In today’s globally connected world we experience the notion of a border mainly when we go through passport control at the beginning or the end of a journey. For the education sector, it means that now studying abroad has never been easier, especially for those who live in Europe. So what does the student mobility within Europe look like?
To answer this question, I have decided to look at the Higher Education data from Eurostat and find out the number of enrolled students within each European country who are from a different European country. The full dataset contains student enrolments from some countries outside of Europe, too, but for the purpose of this exercise only European origin and destination countries have been included.
Why visualising student mobility within Europe?
Choosing the topic wasn’t easy. In fact, Dave Kirk helped me with this a few months ago when Dave, Adam , Stephen and I launched #VisualisingHE. He and Adam were enthusiastically listing topics and datasets they were looking forward to exploring as part of the project but I was struggling to come up with something that I could talk about with so much excitement.
Then Dave asked me: what are you passionate about? And it didn’t take me long to come up with an answer – I am an Eastern European and I cannot imagine who and where I would be today if I hadn’t been given the opportunity to undertake my bachelor’s degree in the UK! Therefore, I decided to look into the topic and develop a pretty, colourful and informal visualisation that represents the beauty of studying abroad… in Europe.
What influenced the design and choice of charts?
Probably the better question here is not ‘what’ but ‘who’ influenced the choices I have made as part of the design process. Having decided on the overall ‘feeling’ I wanted to my visualisation to convey, I had to think about whether I wanted my dashboard to be in a #coffeetableviz (i.e. poster) style or be leaning towards the exploratory side. I will leave it to you to decide where precisely on the informative vs. exploratory spectrum the end result lies, but I will let you know whose work gave me the inspiration:
- for poster style infographic I would always go to Pooja Gandhi’s fantastic work first: if you haven’t visited her tableau public profile, do it! I find her work truly inspiring – she knows how to deliver a clear message in a dataviz by seamlessly combining text and graphs.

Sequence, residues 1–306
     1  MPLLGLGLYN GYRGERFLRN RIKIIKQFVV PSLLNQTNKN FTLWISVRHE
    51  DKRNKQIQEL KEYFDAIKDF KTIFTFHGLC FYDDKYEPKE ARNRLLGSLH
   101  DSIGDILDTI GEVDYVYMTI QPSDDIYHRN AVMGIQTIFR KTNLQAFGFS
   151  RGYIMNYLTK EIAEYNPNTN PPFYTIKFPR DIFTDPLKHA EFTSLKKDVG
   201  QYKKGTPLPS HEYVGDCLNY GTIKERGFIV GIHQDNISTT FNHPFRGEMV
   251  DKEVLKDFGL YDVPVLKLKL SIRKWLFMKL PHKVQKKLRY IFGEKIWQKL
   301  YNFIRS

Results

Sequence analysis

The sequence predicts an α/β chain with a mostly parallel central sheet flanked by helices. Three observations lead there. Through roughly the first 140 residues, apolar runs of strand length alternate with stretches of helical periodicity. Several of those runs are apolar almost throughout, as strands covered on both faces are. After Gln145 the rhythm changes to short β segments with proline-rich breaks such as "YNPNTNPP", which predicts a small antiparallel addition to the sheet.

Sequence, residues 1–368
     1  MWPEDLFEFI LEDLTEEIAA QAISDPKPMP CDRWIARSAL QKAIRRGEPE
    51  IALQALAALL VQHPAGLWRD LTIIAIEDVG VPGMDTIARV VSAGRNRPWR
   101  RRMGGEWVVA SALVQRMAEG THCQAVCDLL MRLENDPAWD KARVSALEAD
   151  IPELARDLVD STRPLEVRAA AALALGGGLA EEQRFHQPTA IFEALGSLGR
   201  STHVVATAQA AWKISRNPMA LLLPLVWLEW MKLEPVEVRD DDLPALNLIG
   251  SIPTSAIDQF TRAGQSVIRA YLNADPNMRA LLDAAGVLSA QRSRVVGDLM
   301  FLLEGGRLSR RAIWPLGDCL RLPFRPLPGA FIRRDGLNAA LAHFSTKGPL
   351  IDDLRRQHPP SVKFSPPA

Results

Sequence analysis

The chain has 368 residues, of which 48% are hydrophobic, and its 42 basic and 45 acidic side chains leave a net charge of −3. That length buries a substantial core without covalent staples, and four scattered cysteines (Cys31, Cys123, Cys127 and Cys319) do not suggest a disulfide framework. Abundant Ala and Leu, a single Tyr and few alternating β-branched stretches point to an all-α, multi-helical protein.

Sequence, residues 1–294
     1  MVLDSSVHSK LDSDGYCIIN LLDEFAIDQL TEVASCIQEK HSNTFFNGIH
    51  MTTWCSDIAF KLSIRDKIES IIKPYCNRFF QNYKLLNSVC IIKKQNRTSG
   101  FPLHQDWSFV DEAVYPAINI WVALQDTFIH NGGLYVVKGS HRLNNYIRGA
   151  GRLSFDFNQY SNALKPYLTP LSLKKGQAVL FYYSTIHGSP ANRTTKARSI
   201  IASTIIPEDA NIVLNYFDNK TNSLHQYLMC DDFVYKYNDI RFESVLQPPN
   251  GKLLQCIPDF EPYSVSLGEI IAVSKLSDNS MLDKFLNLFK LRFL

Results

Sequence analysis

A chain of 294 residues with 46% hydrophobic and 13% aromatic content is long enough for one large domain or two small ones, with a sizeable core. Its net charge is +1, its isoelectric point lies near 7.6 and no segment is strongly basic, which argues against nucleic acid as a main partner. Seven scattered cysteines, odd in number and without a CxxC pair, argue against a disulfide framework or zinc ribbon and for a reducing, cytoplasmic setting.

- for visualising the inflow vs. outflow concept I was inspired by Neil Richard‘s viz on the Eurovision song contest. When I first saw his viz, I remember thinking: ‘Oh, well it is clear to me what the visualisation is telling me.’ Plus, I really liked the flags.
- for colours I got inspired by Jeffrey Shaffer‘s Beautiful Trash.
Then the idea of a Sankey sprung to my mind and that was it – I was going to do a Sankey and practice my great arc curves on a map. I started with the great arc curves as I had already done these for a project at work. For the data structure I followed this summary and to get the lines curved, I found this post useful. Building the Sankey wasn’t too difficult either – there are plenty of blog posts written by the community that explain how to do it. I read a few and after deciding I did not want to use custom SQL, I found this post helpful.
What were the challenges?
Just as I was thinking I was making some really good progress, I came across Ravi Mistry and Nicco Cirone‘s very interesting work on ERASMUS. It was great! I loved it… but it also had a map of Europe with curves, and a Sankey, and was talking about students studying in Europe… Oh dear, I didn’t want to copy their work… Even though I hadn’t seen it until I was alredy halfway there with my viz, if I were to use exactly the same combination of graphs would have still made me feel as if I had copied it. At this point I had two options: drop the topic, or think really hard how to make my visualisation different. A few days later I was going through some of my favourite dashboards on Tableau Public and then, inspired by Adam McCann’s beautiful Beatles Analysis, I decided to develop an ‘hourglass’, or a double Sankey, chart (I don’t know if this chart has a name) to show the inflow vs. outflow relationship. Not long after I had my first draft:
Another big decision making point in the process of developing this dashboard was around my choice of font. It crossed my mind that there is this thing about safe fonts for tableau public. After a quick check on Google I thought I should try and use a web safe font. My choice was Comic Sans. Yes, Comic Sans, because I was going for a fun artistic / informal look. Little did I know that there was something about Comic Sans… When I asked for some feedback on the way my dashboard was coming together, I got mixed reactions. I particularly like the contrast in Dave and Stephen’s comments:
After doing some reading on the internet and quite a few lengthy discussions with friends and colleagues at work, I decided that though I see nothing wrong in using Comic Sans for my dashboard (especially, since I am not saying: ‘Danger, Danger, the world is about to collapse’ … or something in those lines), I decided to change it. Simply because I didn’t want the font to distract from its overall purpose.
What did I learn?
- How to build a Sankey
- How to build an hour glass visualisation
- How to crop an image in GIMP (and add transparency to it)
- There is something about Comic Sans…
- How to use A LOT of containers (with very few of them floating!)
What are my personal challenges for the next viz?
- Don’t use a long-form dashboard
- Produce a dashboard with a non-black background
Thank you for reading and I hope you enjoy exploring the dashboard!
[…] public ‘viz of the day‘ accolades! My favourite is without doubt her solo post ‘destination Europe‘ a topic that really sang with her and it showed in her viz and really came over in her […]